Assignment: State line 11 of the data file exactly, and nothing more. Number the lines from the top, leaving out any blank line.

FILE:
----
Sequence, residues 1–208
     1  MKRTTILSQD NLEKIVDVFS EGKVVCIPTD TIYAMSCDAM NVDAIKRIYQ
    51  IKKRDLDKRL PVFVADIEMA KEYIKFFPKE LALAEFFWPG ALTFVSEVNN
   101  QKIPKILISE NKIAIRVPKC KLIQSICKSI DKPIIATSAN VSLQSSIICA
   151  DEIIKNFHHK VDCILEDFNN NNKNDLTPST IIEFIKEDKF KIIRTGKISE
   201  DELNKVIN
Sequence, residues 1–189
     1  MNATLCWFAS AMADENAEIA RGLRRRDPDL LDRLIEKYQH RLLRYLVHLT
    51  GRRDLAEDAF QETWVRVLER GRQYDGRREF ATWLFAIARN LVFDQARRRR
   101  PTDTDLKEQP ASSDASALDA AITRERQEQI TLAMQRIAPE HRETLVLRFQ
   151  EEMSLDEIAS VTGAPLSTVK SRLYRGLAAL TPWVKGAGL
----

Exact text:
   151  EEMSLDEIAS VTGAPLSTVK SRLYRGLAAL TPWVKGAGL